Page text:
To learn more about ACSM’s policy initiatives, please contact Monte Ward, vice president for government relations.

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Don't Miss Free Online Content and iPad App from ACSM's Health & Fitness Journal®!

Check out the two free featured articles from the September/October 2013 issue of ACSM's Health & Fitness Journal® at www.acsm-healthfitness.org. Also, if you own an iPad, make sure to download the free app for ACSM's Health & Fitness Journal® in the Apple Store! The September/October issue is now available for download on the app.

The free featured articles for the September/October issue include, "How Young Is Too Young to Start Training?" by Gregory D. Myer, PhD, CSCS*D, FACSM; Rhodri S. Lloyd, PhD, CSCS*D; Jensen L. Brent, CSCS; and Avery D. Faigenbaum, EdD, CSCS, FACSM, and the Nutritionist’s View column, "How to Increase Muscle Mass: What Does Science Tell Us?," by Stella Lucia Volpe, PhD, RD, LDN, FACSM . The articles are available free-of-charge on the journal’s web site until October 25, so download your copies today.

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Sign Up for Exercise is Medicine® On Campus

Bring Exercise is Medicine® to Your Campus! This program provides universities with an opportunity to promote physical activity and its health benefits on their respective campuses, gives participating schools the chance to become among the first educational institutions to make a commitment to supporting EIM, and creates an opportunity for EIM campuses to collaborate with the surrounding community.

EIMC's three guiding principles:

1) Exercise and physical activity are important to health and the prevention and treatment of many chronic diseases.
2) More should be done in university and college settings to encourage students to establish lifelong exercise and physical activity habits that have the power to significantly improve the quality of students’ lives.
3) Support ACSM’s efforts to bring a greater focus on exercise and physical activity in university and college settings.

Sign up your campus today!

Also, why not make sure your institution is distributing the ACSM Fit Society Page®, the quarterly e-newsletter for consumers? Each colorful, themed issue is full of evidence-based information, and your organization can add its logo for distribution to students, faculty, patients and other audiences. E-mail publicinfo@acsm.org to sign up for the newsletter.

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SPORTS MEDICINE & EXERCISE SCIENCE HEADLINES

Headlines include recent stories in the media on sports medicine and exercise science topics and do not reflect ACSM statements, views or endorsements. Headlines are meant to inform members on what the public is reading and hearing about the field.


Changes Women Can Make to Improve Their Health
St. Joseph News-Press
Sharing her personal story of weight loss is one way physician's assistant Michelle Pruessner provides support to patients looking to change their health.

"I try to be an encouragement, just sharing my story. I've dug out old pictures of myself to show them,” says Pruessner, who was overweight from childhood through her college years. "It's important that they understand that I understand."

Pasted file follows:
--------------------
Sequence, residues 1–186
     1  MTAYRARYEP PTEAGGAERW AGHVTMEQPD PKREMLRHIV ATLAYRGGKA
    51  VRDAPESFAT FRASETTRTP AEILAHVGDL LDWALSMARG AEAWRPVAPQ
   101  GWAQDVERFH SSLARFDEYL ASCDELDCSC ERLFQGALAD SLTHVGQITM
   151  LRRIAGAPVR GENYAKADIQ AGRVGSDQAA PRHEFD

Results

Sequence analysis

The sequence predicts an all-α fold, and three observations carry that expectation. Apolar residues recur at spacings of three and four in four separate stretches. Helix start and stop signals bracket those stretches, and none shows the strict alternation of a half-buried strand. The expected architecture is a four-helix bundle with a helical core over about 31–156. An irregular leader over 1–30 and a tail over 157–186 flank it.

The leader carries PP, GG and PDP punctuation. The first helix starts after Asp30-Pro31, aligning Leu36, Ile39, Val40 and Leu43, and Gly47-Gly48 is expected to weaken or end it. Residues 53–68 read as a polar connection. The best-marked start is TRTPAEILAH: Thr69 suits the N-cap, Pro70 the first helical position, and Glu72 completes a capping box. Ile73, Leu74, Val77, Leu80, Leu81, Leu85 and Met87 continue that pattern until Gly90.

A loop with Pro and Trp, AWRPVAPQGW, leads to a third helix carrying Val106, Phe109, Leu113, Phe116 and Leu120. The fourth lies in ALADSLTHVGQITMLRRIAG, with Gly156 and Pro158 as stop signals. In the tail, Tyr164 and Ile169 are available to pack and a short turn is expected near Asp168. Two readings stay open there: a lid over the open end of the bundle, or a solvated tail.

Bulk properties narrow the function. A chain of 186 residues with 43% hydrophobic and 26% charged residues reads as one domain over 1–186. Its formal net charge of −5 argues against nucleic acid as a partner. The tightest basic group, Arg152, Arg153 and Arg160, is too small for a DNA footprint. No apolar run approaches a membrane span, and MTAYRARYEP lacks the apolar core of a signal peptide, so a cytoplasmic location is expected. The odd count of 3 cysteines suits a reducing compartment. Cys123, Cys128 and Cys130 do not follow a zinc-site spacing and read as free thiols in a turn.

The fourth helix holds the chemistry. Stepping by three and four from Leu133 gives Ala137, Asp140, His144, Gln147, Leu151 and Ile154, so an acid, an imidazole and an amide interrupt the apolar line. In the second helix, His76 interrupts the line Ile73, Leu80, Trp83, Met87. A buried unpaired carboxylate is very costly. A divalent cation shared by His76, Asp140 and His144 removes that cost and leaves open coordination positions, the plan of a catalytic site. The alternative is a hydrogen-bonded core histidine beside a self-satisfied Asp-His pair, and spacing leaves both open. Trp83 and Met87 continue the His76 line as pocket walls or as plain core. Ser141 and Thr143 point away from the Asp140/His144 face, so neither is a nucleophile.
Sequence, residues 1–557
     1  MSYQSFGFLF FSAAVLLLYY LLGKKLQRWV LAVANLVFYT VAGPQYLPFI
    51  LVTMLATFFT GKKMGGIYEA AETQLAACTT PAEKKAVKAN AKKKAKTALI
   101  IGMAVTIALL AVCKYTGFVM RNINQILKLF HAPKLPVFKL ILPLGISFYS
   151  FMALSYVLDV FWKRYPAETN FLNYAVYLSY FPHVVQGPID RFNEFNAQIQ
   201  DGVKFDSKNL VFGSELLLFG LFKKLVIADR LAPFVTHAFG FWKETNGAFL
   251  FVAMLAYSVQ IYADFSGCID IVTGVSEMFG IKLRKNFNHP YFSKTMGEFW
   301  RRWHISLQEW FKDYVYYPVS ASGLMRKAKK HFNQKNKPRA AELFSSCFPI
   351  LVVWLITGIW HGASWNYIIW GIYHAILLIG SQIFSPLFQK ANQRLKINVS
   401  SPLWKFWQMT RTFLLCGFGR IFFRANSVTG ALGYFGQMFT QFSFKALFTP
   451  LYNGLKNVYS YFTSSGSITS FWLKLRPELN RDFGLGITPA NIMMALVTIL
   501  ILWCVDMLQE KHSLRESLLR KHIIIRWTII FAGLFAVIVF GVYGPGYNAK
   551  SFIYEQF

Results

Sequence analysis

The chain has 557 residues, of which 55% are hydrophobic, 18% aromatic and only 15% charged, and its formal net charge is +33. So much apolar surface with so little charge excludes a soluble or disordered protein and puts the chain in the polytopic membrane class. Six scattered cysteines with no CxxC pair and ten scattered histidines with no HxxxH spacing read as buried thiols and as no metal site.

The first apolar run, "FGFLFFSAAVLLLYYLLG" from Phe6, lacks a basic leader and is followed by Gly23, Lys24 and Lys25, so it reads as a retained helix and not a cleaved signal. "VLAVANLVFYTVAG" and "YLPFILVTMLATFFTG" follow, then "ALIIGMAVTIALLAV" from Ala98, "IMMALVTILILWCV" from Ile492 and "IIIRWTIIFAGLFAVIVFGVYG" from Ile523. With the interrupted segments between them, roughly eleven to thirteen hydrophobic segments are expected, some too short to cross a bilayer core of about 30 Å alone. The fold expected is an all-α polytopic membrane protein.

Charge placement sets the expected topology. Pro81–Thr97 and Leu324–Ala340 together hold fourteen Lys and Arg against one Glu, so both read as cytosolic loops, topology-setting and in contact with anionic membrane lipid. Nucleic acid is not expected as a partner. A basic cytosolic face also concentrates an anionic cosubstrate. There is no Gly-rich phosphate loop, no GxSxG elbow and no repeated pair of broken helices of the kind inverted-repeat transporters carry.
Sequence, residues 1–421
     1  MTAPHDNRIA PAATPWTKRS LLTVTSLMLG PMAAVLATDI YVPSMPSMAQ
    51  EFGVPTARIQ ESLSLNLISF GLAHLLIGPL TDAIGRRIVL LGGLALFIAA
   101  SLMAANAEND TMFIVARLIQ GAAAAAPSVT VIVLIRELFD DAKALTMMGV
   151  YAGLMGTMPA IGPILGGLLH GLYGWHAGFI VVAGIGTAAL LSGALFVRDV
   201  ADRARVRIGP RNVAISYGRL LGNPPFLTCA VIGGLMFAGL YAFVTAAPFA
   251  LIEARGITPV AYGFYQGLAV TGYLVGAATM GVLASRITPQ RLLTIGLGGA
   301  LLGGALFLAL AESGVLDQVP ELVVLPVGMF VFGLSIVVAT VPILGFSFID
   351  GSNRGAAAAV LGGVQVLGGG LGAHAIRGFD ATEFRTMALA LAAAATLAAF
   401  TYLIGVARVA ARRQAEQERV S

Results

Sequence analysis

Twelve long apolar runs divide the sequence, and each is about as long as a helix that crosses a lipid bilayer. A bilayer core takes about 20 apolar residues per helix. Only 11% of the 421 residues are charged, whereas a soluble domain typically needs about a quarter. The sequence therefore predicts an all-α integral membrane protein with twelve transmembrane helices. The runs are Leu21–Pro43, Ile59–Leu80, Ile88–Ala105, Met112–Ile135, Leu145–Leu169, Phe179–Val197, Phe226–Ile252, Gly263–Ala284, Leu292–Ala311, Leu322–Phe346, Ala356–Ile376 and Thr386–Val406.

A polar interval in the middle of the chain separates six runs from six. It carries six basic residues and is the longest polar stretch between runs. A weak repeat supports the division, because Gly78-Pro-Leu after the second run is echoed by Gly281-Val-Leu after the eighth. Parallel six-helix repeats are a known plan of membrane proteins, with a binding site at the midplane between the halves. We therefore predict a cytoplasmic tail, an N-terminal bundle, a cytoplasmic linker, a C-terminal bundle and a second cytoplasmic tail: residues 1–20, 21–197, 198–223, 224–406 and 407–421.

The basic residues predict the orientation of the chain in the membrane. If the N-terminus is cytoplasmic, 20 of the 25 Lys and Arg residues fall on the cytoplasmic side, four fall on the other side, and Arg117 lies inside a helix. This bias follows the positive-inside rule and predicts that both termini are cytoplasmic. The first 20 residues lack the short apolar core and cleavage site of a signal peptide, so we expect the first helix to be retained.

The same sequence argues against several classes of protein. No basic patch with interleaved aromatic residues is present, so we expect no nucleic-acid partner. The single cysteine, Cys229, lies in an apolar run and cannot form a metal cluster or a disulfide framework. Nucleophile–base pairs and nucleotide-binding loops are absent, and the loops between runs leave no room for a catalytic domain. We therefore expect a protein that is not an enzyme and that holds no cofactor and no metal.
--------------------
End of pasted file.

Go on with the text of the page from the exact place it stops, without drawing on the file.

Whatever you plan to do to improve your health, starting small is key, says Pruessner, who practices at the Atchison Internal Medicine and Family Practice Clinic. Research shows that by starting with small, achievable goals, people seeking to be healthier will be more successful than those who begin their journey with high, often unattainable goals.

In a recent American College of Sports Medicine study, sedentary adults given the smaller goal of increasing their daily steps by 2,500 were more than twice as likely to stay the course than those given the goal of walking 10,000 steps a day.

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How Exercise Can Help Us Sleep Better
The New York Times
As a clinical psychologist and sleep researcher at Northwestern University’s Feinberg School of Medicine, Kelly Glazer Baron frequently heard complaints from aggrieved patients about exercise. They would work out, they told her, sometimes to the point of exhaustion, but they would not sleep better that night.

Dr. Baron was surprised and perplexed. A fan of exercise for treating sleep problems, but also a scientist, she decided to examine more closely the day-to-day relationship between sweat and sleep.

What she and her colleagues found, according to a study published last week in The Journal of Clinical Sleep Medicine, is that the influence of daily exercise on sleep habits is more convoluted than many of us might expect and that, in the short term, sleep may have more of an impact on exercise than exercise has on sleep.

To reach that conclusion, Dr. Baron and her colleagues turned to data from a study of exercise and sleep originally published in 2010. For that experiment, researchers had gathered a small group of women (and one man) who had received diagnoses of insomnia. The volunteers were mostly in their 60s, and all were sedentary.

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Sports Medicine Bulletin
Sports Medicine Bulletin is a membership benefit of the American College of Sports Medicine. There is no commercial involvement in the development of content or in the editorial decision-making process for this weekly e-newsletter. The appearance of advertising in Sports Medicine Bulletin does not constitute ACSM endorsement of any product, service or company or of any claims made in such advertising. ACSM does not control where the advertisements appear or any coincidental alignment with content topic.